Enchanting sketches of a lost world.
This collection picks up on Singer’s earlier volume (In My Father’s Court, not reviewed), offering sketches of the Warsaw rabbinical court over which Singer’s father presided. The vignettes were originally published in Yiddish in the Daily Forward, and this marks their first English publication. Packed with delightful characters (from Chaim the locksmith—who was really a plumber—to the butcher’s wife), this is more than just a collection of eccentric snapshots. The essays also contain the small gems of insight that have so distinguished Singer’s novels. In “A Hasidic Rebbe on the Street,” the author explores the drive to assimilate, while “The Tinsmith and the Housemaid” argues that “Our inner attitude and our outer circumstances are closely bound together.” Marriage preoccupies Singer: he remembers a traveling salesman he knew, and tries to figure out why the man was so blasé about being away from his family. He recalls Friedele, married to the “irascible” Yechiel, and wonders if she is destined—as an old Jewish folktale suggests—to spend the afterlife as his footstool. In “An Unusual Wedding,” a Jewish artisan comes before Singer’s father to marry a prostitute. Readers also see a slice of the author’s family life: in “The Gift,” a woman who appeared before Singer’s father to have a dispute settled tries to give little Isaac a coin, but his father forbids her (saying he will just buy candy and ruin his teeth). Isaac is devastated, and thus comes to learn a little about the pain and humiliation that all of humanity endure on a daily basis.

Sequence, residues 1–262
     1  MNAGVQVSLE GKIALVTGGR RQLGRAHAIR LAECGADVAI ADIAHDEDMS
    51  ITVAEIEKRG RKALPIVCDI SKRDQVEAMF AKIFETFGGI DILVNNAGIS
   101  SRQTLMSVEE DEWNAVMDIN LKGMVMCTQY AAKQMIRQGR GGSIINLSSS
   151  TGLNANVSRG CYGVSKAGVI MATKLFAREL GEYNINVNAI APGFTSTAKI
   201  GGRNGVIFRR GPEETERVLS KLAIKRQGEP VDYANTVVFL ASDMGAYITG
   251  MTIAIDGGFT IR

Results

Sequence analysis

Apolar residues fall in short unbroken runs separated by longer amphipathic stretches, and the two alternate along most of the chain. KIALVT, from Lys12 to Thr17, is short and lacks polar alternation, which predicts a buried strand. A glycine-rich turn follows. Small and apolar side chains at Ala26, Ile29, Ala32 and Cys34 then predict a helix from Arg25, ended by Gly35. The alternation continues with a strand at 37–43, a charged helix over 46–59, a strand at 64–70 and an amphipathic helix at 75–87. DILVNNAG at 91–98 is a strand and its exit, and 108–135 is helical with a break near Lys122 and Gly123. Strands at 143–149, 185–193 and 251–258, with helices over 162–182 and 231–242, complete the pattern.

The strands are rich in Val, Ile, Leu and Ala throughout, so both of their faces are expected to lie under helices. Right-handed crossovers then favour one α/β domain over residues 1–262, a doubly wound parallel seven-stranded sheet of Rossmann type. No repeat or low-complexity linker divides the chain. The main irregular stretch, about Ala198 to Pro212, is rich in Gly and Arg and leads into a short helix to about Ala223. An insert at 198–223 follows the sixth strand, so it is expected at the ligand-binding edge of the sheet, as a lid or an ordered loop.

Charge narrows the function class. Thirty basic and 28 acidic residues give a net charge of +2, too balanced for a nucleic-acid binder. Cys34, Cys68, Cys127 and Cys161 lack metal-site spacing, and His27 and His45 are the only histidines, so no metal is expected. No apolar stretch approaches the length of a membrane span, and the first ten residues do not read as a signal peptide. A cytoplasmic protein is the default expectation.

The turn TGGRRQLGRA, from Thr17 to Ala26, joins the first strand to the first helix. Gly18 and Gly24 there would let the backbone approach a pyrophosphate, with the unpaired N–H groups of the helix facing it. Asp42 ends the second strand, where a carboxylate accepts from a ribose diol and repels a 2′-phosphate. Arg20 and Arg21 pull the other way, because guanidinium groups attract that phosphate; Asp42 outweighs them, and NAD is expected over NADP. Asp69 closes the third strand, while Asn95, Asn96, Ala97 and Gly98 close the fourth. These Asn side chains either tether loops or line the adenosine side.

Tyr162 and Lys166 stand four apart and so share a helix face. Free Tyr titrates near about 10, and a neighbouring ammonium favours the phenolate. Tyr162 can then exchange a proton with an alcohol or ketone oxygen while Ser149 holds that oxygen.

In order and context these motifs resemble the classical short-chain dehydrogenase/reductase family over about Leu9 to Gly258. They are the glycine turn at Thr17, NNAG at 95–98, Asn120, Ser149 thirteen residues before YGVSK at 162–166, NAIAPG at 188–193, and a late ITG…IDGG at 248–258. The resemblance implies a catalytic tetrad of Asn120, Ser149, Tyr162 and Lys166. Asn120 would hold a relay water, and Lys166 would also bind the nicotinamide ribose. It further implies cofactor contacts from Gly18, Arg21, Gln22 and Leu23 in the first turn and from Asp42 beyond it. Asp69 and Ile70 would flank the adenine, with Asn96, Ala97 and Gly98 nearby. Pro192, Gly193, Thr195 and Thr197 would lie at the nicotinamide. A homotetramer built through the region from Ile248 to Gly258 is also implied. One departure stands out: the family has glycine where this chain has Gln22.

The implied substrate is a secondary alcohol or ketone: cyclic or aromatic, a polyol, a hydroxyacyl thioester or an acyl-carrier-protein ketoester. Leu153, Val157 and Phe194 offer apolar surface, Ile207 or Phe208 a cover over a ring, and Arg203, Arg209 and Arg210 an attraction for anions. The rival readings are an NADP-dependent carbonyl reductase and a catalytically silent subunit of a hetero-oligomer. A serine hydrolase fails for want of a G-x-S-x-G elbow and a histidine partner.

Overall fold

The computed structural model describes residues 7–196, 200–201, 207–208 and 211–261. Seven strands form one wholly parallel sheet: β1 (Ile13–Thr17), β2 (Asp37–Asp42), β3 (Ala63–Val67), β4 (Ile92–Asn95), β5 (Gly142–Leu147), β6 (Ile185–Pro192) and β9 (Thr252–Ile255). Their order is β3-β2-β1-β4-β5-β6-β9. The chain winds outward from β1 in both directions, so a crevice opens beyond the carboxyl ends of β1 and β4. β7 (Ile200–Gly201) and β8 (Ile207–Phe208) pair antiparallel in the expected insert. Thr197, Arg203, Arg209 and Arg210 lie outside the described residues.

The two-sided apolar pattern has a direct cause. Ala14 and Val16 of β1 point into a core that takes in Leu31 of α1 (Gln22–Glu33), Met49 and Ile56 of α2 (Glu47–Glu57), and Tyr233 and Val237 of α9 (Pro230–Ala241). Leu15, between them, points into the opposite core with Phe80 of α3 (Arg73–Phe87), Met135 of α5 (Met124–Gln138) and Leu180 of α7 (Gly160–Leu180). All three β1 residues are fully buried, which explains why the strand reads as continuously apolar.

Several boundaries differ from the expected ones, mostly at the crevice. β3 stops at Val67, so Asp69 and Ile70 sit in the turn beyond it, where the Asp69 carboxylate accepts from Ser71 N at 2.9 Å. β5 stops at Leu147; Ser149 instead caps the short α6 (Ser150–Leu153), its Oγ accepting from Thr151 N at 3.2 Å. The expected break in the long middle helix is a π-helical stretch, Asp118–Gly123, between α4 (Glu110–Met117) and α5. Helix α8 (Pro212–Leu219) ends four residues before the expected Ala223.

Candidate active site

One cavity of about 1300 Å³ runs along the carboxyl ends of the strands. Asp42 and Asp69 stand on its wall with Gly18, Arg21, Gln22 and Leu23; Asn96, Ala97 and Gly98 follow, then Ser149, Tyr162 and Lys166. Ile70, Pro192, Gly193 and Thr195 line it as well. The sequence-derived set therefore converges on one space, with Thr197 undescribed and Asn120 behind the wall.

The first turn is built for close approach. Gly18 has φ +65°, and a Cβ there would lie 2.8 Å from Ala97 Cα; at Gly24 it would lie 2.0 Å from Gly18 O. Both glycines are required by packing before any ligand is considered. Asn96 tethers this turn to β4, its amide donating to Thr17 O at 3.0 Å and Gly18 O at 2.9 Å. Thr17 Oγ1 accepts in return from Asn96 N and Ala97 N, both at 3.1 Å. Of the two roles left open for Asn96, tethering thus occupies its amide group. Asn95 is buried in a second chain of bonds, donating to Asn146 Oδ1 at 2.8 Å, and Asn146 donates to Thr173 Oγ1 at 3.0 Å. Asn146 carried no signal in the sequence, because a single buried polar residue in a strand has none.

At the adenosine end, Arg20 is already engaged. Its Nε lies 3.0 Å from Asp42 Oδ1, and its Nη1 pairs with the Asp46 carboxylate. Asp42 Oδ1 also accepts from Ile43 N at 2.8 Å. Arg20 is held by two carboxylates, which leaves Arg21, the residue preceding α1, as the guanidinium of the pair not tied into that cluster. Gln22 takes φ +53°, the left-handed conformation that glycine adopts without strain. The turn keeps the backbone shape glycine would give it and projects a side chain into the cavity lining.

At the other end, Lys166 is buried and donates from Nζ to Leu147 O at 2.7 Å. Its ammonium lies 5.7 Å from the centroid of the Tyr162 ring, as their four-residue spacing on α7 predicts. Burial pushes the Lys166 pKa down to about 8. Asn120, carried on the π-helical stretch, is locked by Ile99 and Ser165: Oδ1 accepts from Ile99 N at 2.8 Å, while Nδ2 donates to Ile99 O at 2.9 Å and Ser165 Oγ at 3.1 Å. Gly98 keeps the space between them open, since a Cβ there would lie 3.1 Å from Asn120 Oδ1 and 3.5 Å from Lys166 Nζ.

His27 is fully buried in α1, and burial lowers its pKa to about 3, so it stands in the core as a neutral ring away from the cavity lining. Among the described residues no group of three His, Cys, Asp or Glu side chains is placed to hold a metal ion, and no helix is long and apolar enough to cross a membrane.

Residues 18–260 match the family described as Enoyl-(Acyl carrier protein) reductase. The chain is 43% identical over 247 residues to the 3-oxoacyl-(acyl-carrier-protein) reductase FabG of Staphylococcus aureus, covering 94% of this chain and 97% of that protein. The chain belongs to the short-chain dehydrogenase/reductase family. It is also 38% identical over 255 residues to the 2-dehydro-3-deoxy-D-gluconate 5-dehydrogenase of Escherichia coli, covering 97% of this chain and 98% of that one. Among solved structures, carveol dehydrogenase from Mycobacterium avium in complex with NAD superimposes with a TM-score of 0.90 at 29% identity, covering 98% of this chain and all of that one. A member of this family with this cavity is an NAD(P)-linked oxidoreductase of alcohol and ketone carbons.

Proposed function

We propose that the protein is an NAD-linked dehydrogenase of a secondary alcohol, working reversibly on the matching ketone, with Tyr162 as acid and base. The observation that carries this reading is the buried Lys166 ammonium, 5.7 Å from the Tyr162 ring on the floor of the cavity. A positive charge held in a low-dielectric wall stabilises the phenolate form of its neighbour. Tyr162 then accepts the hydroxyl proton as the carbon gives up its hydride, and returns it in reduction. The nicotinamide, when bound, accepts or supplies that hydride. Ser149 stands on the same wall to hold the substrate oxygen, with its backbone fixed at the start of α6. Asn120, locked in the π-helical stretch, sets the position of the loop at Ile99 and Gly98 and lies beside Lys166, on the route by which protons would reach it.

Sure to delight all those Singer fans—especially those who feared that a fifth posthumous collection would never hit the shelves.